Day 4 - King Arthur's Witch
If you’ve ever read any of the Arthurian legends, the name Morgan le Fay should ring a bell. Her first appearance in literature is in Geoffrey of Monmouth’s "The Life of Merlin," written in the first half of the twelfth century. Morgan has become known as a classic seductress, who lures men in with her witchy wiles, and then causes all kinds of supernatural shenanigans.
Chrétien de Troyes’ "The Vulgate Cycle" describes her role as one of Queen Guinevere’s ladies in waiting. According to this collection of Arthurian tales, Morgan fell in love with Arthur’s nephew, Giomar. Unfortunately, Guinevere found out and put an end to the affair, so Morgan exacted her revenge by busting Guinevere, who was fooling around with Sir Lancelot.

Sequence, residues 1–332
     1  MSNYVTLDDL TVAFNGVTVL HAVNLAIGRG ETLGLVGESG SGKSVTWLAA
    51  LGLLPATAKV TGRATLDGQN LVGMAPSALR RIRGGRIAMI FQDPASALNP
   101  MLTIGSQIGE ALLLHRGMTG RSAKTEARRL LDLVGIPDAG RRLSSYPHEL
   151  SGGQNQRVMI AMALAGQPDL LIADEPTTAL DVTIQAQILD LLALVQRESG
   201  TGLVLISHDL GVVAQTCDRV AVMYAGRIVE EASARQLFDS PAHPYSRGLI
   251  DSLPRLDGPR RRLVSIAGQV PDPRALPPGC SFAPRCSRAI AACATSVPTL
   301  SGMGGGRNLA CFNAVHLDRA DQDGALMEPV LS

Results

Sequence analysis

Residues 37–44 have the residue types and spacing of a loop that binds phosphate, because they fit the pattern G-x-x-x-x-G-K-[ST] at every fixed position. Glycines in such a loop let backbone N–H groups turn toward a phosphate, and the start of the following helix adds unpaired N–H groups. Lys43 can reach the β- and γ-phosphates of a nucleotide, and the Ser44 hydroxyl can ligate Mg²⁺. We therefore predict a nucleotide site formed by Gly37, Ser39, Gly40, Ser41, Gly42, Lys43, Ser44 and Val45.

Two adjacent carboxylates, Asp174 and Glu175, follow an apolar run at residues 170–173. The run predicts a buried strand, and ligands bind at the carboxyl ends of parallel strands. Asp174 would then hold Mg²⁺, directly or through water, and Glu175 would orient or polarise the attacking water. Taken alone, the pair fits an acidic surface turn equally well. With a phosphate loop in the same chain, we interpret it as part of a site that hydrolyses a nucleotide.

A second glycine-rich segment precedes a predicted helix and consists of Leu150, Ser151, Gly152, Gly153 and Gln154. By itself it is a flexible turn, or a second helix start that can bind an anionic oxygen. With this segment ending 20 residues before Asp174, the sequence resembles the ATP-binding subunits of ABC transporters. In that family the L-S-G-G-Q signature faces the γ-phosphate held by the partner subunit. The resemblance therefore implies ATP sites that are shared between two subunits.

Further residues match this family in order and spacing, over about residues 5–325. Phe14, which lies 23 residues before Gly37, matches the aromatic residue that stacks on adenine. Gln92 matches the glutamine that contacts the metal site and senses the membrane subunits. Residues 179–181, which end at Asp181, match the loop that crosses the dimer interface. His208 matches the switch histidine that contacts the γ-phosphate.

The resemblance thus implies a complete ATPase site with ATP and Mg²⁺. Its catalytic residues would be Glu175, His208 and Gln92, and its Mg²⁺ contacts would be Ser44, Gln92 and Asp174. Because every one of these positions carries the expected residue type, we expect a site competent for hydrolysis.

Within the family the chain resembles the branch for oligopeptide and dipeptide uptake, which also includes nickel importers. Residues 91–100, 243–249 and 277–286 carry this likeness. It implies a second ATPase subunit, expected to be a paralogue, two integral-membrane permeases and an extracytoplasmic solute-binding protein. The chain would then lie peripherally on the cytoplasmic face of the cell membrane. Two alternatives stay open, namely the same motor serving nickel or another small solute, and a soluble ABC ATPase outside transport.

Morgan le Fay, whose name means “Morgan of the fairies” in French, appears again in Thomas Malory’s "Le Morte d’Arthur," in which “she was unhappily married to King Urien. At the same time, she became a sexually aggressive woman who had many lovers, including the famous Merlin. However, her love of Lancelot was unrequited.”
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